Gilead | Study Guide

Marilynne Robinson

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Gilead | Section 19 | Summary



John realizes his letter must seem like he is struggling to understand "what it is he's struggling with." He understands after their night on the porch with Jack that Lila feels settled in life, and this brings him peace. He writes about how he came to be married to Lila. After she showed up at his church, he could not stop thinking about her. He wrote sermons to impress her. One Sunday she did not come and he was terribly sad. He "spent the week missing her as if she were the only friend" he ever had. When she returned, he took her hand and told her she had been missed. She blushed.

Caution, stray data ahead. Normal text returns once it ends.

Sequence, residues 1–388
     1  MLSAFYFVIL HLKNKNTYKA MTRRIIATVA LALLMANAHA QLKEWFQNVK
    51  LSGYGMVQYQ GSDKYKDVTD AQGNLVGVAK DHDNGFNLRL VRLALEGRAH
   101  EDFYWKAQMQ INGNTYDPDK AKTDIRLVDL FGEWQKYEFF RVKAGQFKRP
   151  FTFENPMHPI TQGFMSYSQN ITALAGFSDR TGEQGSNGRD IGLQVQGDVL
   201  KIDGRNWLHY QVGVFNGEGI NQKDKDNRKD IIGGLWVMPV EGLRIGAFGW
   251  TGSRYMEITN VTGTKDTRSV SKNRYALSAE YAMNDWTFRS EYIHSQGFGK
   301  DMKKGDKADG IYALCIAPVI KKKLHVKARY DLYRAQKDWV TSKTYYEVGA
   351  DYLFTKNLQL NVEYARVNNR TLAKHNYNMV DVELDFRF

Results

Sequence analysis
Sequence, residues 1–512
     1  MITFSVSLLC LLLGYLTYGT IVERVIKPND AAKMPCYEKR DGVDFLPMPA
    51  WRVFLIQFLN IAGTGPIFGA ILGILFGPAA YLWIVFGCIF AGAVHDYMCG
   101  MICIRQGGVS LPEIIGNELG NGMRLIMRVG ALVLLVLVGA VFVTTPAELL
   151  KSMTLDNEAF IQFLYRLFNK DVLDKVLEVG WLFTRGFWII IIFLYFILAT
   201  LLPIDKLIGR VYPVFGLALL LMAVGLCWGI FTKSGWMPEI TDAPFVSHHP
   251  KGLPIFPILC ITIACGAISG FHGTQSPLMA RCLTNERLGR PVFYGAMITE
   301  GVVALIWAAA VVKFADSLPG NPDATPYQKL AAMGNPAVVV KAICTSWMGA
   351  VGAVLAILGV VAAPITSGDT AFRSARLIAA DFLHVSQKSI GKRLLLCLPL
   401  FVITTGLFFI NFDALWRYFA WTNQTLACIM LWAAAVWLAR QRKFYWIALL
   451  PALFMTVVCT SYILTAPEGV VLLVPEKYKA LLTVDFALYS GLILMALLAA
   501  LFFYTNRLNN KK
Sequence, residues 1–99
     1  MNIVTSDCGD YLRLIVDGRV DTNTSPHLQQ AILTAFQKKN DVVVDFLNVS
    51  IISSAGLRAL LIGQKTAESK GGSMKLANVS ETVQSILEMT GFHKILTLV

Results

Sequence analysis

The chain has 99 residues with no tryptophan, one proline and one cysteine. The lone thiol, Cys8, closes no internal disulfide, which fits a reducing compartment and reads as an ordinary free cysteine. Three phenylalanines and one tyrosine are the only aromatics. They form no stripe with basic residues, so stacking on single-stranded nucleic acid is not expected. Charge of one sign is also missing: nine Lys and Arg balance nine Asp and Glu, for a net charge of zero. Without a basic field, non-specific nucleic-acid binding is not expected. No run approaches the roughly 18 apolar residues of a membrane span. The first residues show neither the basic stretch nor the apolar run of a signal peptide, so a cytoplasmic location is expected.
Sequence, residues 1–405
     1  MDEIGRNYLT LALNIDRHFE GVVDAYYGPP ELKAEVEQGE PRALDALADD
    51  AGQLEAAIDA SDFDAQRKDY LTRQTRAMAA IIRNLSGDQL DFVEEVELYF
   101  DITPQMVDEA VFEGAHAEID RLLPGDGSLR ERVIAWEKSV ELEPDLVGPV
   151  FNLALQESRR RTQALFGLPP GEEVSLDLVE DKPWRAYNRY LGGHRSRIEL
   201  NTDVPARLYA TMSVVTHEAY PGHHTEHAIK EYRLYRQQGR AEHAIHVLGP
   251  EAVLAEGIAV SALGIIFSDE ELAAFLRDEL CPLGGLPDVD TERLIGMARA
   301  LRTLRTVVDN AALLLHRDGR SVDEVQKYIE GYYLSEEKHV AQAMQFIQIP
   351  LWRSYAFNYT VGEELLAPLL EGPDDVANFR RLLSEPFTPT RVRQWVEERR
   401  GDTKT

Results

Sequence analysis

This section addresses John's relationship with Lila. Because this is an epistolary novel and the letter is meant for John's son, he does not reveal much about Lila. Presumably this is due to the fact John assumes his son knows his own mother, and indeed will likely know more about her than John does by the time he is old enough to read the letter. But, John's relationship with Lila is instructive for his son at this point in the narrative because it illustrates how John feels about love. He compares "the love of God with mortal love," and says he does not "see them as separate things at all." The pleasure one has in mortal love shows one "the nature of the very grandest love," which is God's unconditional love. John feels he made a fool of himself over Lila, but this is an aspect of passion. It was the first time he felt that all he was—his character, his calling, his reputation—"could just fall away like a dry husk." This type of abrupt transformation is rare, but does occur. He compares it to a dream he had of Grandfather Ames throwing a sheet of water over him and Boughton, and how after they were "shining like apostles." A "baptism" by water is a symbol of transformation, and this one was as "unsought" as Lila's coming in John's life and as his impending death, his next, and last, great transformation.

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